In an acute phase of illness such as COPD (Chronic Obstructive Pulmonary Disease) exacerbation, we have to use all our might to overcome the challenge. In this post I share my experience of how I was helped by combining the power of the physical medicine with the core strength of my total being, the body, mind and spirit for which I have chosen a fanciful name, the “spiritual medicine”
In my last visit to India I had to travel by train during the winter when colds, coughs, and flu were endemic. Everybody in my train compartment was sneezing and coughing. I did my best to protect myself but the bug got me! I have COPD with asthmatic component. Common colds and flu often result into an episode of COPD exacerbation. As I reached home I began to experience violent coughing, wheezing, excessive mucus, congested chest, breathlessness, fever, sinus inflammation with allergic rhinitis, post nasal drip and all other “goodies” that can come with COPD exacerbation.
To borrow a southern folksy expression “I was sick like a dawg!” I went on the full complement of the physical medicine including Avelox (a strong antibiotics), Advair (steroid inhaler), Spiriva (inhaled prescription to open the airways), nasal spray, decongestants, antihistamine, Tylenol, etc. but the 800-pound “Dawg” was still sitting on my chest and refusing to get off!
I do Yoga for about two hours a day in the morning which includes asana (poses), stretching exercises, breathing techniques, chanting (mantra recitation and prayers), systematic progressive relaxation (Shavasana or Yoga Nidra) and practice of mindfulness and meditation. When I fall sick I change my morning Yoga routine to practicing mini-sessions of milder, gentler Yoga spread throughout the day which support and nourish me. I make various adaptations as I deem fit. For example, when I feel too tired to sit for meditation, I meditate lying down. Even if I fall off to sleep meditating at least I feel rested and replenished.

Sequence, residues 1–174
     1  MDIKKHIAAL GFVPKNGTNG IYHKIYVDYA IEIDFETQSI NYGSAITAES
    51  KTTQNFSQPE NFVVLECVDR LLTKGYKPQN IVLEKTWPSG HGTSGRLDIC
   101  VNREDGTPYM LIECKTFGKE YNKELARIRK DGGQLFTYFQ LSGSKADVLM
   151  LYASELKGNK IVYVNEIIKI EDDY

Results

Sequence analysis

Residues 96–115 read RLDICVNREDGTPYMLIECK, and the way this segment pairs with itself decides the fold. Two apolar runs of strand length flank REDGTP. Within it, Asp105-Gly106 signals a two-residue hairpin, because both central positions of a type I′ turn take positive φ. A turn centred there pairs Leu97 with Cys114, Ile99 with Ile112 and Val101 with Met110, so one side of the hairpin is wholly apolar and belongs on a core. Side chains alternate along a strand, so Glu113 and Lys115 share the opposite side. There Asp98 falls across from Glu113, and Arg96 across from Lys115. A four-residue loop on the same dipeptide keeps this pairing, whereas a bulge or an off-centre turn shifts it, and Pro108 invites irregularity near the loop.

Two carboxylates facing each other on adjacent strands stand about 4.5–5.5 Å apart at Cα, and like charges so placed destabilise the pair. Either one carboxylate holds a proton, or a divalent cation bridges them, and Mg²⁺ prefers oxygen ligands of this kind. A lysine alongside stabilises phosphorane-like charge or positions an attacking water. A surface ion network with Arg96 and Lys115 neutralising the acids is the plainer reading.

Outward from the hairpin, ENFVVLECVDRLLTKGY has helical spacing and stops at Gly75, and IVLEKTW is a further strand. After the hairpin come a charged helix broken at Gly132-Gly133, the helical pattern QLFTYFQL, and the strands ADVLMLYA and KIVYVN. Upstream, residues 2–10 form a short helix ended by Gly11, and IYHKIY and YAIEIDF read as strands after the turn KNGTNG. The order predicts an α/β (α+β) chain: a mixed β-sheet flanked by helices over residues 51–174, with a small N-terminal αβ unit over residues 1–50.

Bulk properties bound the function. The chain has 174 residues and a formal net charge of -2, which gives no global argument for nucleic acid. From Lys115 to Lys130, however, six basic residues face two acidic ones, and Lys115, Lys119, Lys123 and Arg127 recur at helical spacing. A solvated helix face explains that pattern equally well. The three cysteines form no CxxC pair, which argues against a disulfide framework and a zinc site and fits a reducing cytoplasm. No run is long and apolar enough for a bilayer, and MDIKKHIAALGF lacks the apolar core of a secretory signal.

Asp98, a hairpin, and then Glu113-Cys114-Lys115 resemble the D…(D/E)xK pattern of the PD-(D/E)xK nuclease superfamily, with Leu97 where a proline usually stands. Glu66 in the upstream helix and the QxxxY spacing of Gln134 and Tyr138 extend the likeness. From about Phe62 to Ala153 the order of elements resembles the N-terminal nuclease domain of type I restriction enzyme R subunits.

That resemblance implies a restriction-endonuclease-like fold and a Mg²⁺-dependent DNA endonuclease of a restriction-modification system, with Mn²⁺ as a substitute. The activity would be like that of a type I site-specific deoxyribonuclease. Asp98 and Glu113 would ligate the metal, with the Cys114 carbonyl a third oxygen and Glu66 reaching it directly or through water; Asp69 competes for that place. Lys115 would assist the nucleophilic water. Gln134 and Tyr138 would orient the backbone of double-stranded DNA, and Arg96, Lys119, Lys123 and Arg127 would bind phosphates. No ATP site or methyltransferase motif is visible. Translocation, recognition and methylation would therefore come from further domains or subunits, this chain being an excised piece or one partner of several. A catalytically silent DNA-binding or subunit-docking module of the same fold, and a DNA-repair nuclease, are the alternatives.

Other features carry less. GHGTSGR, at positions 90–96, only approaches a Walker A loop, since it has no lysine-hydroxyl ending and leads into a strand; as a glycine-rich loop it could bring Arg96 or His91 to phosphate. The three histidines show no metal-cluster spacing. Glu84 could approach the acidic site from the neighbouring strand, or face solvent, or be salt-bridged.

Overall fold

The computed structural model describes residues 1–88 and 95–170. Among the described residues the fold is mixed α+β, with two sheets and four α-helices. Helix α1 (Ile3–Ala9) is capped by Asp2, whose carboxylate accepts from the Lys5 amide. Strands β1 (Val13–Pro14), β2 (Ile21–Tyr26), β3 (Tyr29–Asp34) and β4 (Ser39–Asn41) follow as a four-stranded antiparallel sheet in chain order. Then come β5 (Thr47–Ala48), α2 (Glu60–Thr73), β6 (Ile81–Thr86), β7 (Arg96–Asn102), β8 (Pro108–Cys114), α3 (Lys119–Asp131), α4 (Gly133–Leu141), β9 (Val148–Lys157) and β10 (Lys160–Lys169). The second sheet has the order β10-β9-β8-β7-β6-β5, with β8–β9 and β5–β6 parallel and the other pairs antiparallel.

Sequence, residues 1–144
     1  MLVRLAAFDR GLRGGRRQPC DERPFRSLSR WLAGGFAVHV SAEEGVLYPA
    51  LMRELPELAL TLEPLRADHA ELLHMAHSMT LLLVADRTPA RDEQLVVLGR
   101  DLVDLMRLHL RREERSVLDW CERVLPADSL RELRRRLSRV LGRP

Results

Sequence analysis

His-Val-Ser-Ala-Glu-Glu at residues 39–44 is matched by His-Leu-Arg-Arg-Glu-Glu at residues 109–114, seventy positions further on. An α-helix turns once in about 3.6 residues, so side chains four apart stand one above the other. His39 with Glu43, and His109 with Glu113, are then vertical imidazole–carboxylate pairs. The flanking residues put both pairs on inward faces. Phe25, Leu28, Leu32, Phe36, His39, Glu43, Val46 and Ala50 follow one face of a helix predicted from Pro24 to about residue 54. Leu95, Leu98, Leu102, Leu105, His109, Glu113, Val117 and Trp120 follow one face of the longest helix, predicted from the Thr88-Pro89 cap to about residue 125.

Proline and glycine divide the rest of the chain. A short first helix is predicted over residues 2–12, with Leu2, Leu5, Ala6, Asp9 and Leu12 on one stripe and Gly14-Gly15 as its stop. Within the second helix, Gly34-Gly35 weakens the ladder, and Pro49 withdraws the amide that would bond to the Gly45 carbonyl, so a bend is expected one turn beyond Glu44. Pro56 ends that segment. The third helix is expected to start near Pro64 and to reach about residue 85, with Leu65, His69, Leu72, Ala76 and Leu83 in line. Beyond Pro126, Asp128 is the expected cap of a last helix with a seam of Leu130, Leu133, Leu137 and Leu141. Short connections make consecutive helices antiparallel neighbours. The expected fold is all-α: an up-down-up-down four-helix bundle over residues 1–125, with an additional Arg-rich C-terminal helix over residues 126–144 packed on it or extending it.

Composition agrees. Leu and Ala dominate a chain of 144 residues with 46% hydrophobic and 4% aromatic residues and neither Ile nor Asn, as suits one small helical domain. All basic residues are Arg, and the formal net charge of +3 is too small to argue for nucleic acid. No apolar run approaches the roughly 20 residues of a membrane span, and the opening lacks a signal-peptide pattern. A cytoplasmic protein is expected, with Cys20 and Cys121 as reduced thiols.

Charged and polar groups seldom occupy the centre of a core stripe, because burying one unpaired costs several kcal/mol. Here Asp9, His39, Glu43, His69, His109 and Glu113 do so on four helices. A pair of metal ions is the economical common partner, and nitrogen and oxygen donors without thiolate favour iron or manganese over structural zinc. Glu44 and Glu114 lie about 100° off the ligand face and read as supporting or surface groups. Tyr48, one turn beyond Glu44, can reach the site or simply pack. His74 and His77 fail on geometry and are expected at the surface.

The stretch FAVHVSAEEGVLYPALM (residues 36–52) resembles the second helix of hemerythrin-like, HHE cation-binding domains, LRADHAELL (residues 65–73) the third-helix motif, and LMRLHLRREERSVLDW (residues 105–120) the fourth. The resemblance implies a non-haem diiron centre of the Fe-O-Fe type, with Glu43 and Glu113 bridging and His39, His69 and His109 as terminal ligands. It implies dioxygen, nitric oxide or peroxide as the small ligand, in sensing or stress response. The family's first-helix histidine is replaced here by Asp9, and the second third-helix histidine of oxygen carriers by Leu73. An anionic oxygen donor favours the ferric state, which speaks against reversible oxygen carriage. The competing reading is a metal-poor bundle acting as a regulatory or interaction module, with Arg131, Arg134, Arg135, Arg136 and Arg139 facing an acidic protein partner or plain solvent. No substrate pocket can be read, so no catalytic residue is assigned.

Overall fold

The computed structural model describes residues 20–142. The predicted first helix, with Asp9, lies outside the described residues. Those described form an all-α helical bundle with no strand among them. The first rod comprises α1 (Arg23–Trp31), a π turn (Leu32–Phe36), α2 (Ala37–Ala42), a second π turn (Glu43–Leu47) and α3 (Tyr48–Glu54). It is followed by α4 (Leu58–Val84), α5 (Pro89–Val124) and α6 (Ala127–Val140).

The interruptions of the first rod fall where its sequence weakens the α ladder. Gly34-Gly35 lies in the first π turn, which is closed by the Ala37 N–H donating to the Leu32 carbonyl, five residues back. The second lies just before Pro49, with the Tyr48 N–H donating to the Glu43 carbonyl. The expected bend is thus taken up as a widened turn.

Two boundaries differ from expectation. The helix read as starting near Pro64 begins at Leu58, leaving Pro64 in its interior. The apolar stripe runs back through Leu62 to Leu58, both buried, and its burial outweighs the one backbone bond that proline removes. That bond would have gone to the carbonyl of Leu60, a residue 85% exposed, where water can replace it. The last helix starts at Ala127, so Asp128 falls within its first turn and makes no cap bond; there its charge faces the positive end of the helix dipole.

Here are other physical and mental benefits I receive my from modified Yoga practice: it soothes my fatigued and aching body; takes the edge off of the aggravating symptoms; diffuses the building up of apprehension and worries about the sickness and sometimes can keep me mentally calm in the middle of the bouts of coughing and other troubling symptoms.
However, in this phase of exacerbation, even after ten days of aggressive treatment and modified Yoga practice there was no relief in sight. Weakness and breathlessness were making me nervous. So, I said to myself, “When going gets tough, the tough get going!” Right? I thought to myself “But I am not feeling so tough right now so what can I really do?”
Here were some more thoughts which continued in that vein: “I am already put on yet another 10-day course of Avelox. I am taking all the prescribed inhalers and all the decongestants and antihistamines;” “I have reached the maximum benefits of the current treatment;” and “Given the risks of potential side-effects I don’t really want to take more aggressive treatment.”
Then, as I was lying down, slowing my breathing, silently repeating my mantra, working on physical and mental relaxation, I found myself thinking that my insomnia, weakness, shortness of breath, and coughing were surely a big nuisance but they didn’t present a life- threatening situation. I didn’t want to step up on the physical medicine anymore but I could step up on the “spiritual medicine.” I smiled to myself thinking that escalating the “dose” of the spiritual medicine can only have positive effects with little risk of negative side effects.
I experienced a renewed sense of determination and resolve. Instead of doing just a few mini Yoga sessions I decided to do “24-7 spiritual practice,” which in fact is yet another form of Yoga.